In black hole thought experiments, the starting-point is usually a 1-solar-mass black hole. That makes sense: as far as astronomical objects go, the Sun is nicely familiar. But like I said before, scientists aren’t sure if there are any 1-solar-mass black holes anywhere in the Universe. As far as we know, all black holes in this mass range form from stars, and supernova leftovers smaller than something like 3 solar masses can still be supported by things like radiation pressure, degeneracy pressure, and the fact that atoms don’t like other atoms too close to them. In practice, there aren’t any known black hole candidates smaller than about 3 solar masses. There are a couple around 5 solar masses, and 5 is a nice round number, so that’s what I’m going with. We’re resetting this weird-ass experiment and dropping me, Bowie, and Lincoln into a stellar black hole.

At 380,000 kilometers (the distance from the Earth to the Moon), the tidal acceleration is detectable, but not noticeable. Good thing we’re free-falling (I should’ve made Tom Petty the third crewmember…), because if we were held stationary (say, by a magic platform hovering at a fixed altitude above the hole), we’d be flattened by a lethal 469-gee acceleration. Good thing, too, that we’re in an enclosed spacecraft: if the black hole has an accretion disk orbiting around it, we’re probably close enough that an unshielded human would be scalded to death by its heat, light, and X-rays. For our purposes, though, we’ll assume this black hole’s been floating through interstellar space for a long time, and has already cannibalized its own accretion disk, rendering it almost dark.

As we reach 10,000 km from the black hole, the same thing happens that happened with the mini black hole. David Bowie, who has gotten out of his seat to have a second tube of strawberry-banana pudding, finds it difficult to climb back to his couch against the gravity gradient. He’s being gently pelted by loose objects. Lincoln is just sitting in his couch looking very grave. I’m screaming my head off, so I miss all of this.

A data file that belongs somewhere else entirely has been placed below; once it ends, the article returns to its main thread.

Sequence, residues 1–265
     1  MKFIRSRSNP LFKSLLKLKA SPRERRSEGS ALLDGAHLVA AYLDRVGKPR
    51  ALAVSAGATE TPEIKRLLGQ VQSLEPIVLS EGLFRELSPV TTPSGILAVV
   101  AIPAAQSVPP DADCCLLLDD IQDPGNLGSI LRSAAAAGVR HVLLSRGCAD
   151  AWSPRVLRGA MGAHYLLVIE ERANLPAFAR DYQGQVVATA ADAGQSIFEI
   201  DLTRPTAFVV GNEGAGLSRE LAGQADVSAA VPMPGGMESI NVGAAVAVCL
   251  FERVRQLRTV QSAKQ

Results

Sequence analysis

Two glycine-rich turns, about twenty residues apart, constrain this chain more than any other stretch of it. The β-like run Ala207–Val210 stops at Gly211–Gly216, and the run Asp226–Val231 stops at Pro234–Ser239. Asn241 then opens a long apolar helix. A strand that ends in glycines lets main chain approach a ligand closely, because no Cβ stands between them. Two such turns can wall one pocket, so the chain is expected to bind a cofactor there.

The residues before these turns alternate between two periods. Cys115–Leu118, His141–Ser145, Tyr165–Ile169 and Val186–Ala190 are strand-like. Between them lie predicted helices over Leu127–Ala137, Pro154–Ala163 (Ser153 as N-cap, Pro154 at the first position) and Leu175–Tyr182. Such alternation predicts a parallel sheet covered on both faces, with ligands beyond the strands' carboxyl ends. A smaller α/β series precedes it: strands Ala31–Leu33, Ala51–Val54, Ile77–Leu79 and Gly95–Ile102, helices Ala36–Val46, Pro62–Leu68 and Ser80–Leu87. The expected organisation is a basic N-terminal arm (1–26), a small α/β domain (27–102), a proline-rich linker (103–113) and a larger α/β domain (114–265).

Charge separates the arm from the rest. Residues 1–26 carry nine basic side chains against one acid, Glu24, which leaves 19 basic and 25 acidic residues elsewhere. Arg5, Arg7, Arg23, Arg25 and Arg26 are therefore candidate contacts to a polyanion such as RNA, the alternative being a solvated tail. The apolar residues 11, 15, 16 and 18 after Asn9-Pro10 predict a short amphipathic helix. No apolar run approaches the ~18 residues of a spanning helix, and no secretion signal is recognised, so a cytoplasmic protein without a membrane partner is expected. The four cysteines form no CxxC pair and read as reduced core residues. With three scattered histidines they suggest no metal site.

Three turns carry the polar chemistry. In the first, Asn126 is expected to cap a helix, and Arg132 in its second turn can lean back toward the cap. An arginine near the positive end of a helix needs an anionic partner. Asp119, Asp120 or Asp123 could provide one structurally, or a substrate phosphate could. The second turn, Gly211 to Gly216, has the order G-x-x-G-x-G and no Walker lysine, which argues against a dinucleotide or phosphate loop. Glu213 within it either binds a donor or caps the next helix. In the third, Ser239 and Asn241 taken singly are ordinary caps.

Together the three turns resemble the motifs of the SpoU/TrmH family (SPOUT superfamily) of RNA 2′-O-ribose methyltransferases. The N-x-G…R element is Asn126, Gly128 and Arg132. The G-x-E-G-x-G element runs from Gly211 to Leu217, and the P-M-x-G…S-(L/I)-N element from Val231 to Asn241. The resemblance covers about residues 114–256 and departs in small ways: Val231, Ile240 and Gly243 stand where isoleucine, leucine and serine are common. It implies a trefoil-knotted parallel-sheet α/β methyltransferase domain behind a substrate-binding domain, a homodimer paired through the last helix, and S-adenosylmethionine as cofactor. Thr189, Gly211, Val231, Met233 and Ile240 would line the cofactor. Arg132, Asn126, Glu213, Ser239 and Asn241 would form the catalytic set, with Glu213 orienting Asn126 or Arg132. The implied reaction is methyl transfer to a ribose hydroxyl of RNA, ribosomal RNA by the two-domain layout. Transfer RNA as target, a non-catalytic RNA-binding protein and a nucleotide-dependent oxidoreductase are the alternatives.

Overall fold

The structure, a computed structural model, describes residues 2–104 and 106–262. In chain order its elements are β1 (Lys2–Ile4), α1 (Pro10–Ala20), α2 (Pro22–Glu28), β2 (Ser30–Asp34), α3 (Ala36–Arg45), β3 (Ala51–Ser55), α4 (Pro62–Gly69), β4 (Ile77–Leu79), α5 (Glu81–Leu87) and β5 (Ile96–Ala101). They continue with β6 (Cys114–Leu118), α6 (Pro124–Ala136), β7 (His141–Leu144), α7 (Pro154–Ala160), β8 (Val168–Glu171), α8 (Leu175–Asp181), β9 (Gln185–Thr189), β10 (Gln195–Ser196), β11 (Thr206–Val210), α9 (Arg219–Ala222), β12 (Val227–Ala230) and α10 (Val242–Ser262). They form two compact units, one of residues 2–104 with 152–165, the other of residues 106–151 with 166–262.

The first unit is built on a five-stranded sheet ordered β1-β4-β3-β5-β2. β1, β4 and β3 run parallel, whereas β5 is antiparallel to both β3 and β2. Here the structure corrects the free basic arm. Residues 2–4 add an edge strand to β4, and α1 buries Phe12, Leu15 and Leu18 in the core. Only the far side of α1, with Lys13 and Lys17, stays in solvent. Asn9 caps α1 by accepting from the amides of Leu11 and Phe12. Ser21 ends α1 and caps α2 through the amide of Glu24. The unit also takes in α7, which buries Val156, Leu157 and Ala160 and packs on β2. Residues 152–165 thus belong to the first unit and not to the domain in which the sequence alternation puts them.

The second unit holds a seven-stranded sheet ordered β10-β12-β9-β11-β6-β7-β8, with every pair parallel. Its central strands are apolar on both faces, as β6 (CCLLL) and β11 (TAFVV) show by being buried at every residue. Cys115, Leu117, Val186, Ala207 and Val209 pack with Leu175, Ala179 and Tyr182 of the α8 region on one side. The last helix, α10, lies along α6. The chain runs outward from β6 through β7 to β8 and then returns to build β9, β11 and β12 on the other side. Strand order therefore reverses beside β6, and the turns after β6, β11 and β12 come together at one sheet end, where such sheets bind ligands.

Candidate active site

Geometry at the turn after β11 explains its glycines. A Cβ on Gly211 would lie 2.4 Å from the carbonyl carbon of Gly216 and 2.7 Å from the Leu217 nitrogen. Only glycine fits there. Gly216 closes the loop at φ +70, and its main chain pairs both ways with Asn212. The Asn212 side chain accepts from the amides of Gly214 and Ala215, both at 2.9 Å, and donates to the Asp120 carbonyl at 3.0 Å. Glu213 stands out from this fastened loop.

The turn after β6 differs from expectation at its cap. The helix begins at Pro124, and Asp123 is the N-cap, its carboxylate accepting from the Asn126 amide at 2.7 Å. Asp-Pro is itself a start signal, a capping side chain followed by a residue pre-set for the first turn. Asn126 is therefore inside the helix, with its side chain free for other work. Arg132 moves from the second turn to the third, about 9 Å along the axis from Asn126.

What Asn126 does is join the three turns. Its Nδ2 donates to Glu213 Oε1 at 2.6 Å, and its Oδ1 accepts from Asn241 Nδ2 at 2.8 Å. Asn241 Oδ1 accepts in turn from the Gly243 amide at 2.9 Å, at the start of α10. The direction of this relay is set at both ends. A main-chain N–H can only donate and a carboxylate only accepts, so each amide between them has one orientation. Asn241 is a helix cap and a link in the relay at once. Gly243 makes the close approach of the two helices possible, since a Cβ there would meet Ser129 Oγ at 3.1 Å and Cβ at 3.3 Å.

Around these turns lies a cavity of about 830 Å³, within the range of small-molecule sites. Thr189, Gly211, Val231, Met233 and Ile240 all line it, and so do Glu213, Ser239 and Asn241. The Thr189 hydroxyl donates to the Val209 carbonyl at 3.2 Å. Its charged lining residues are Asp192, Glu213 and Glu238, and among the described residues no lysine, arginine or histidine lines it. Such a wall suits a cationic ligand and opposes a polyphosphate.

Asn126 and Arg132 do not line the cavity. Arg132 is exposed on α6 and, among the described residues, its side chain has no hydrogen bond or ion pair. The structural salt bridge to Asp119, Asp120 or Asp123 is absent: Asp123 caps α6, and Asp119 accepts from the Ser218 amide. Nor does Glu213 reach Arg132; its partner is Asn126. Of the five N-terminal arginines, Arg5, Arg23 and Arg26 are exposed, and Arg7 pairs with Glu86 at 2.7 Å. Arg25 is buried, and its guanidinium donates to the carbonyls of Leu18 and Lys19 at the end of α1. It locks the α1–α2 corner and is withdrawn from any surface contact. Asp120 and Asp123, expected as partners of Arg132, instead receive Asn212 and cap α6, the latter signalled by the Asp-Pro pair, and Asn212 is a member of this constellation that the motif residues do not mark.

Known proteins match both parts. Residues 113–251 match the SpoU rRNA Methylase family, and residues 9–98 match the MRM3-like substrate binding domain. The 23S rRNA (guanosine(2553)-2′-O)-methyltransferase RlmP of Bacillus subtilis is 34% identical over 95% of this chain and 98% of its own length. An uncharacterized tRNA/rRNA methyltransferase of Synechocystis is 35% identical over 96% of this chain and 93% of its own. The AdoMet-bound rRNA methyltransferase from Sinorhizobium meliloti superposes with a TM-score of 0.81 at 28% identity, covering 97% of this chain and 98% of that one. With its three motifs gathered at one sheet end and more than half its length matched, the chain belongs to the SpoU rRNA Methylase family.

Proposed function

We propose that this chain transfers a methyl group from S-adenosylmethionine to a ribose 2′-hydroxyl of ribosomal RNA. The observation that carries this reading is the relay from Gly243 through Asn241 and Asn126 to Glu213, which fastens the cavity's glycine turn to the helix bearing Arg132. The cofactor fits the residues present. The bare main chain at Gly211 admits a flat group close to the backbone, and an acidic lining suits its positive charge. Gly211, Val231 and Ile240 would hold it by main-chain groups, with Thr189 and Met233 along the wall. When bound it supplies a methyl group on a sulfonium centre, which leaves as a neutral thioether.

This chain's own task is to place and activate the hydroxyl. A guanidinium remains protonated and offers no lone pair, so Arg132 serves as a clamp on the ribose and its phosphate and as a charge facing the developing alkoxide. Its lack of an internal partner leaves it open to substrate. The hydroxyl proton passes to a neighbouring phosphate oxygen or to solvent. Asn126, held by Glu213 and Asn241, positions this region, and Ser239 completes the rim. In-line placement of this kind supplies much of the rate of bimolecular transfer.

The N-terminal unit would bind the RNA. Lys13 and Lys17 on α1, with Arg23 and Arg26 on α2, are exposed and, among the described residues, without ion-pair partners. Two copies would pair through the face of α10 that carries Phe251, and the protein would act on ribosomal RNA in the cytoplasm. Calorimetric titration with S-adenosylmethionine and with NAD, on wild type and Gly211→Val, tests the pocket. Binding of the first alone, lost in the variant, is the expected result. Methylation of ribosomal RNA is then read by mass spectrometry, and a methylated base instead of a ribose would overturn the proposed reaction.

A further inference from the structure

At 5,000 kilometers, the command module starts to creak. David Bowie is now stuck upside-down at the top of the cabin. I, having lost my shit and tried to open the hatch to end it quickly, have fallen to the bottom and broken my coccyx. Lincoln is still sitting in his couch looking very grave. We’re experiencing a total acceleration of over a million gees. If we tried to maintain a constant altitude, that million gees would turn us and the command module into a sheet of very thin and very gory foil. We’re moving almost as fast as the electrons shot from the electron gun of an old CRT TV.

Between 5,000 and 1,000 kilometers, the command module starts popping apart. It’s not as fast as the last time. First, the phenolic plastic of the heat shield cracks and pulls free of the insulation beneath. Then, the circular perimeter of the cone starts to crumple and wrinkle. (True story: the command module was built with crumple zones, just like a car, so that it didn’t pulp the astronauts too much when it hit the ocean at splashdown.) Not long after, the pressure hull finally ruptures, spewing white jets of gas and condensation in all directions like a leaky balloon. Then, the bottom of the pressure hull bursts. Think of a sledgehammer hitting a sheet of aluminum foil. All the guts of the command module spill out: wires, seats, guitars, apples (I was hungry), tophats, shoes, hoses, spare spacesuits, screaming idiots (I fell out). We’re moving 10% of the speed of light.

By 100 kilometers, the command module has spaghettified into a long stream of debris. The individual metal parts, although badly warped by being torn from their mountings, are mostly holding together, though they’re really starting to stretch. Anything softer is shattering/pulping/shredding. The black hole’s event horizon is the largest object in the sky: a fist-sized black disk of nothingness surrounded by a very pretty mandala of distorted stars and galaxies. It looks something like this:


(Screenshot from the unbelievably awesome (and free) program Space Engine.)

We can’t see it, though: we’re all dead.

By 25 kilometers, we’re just a stream of fine dust hurtling towards the event horizon at close to the speed of light. For an observer at a great distance, our disintegration proceeds in slow motion, both from the massive speed at which we’re traveling, and from the time-dilating effects of extreme gravity.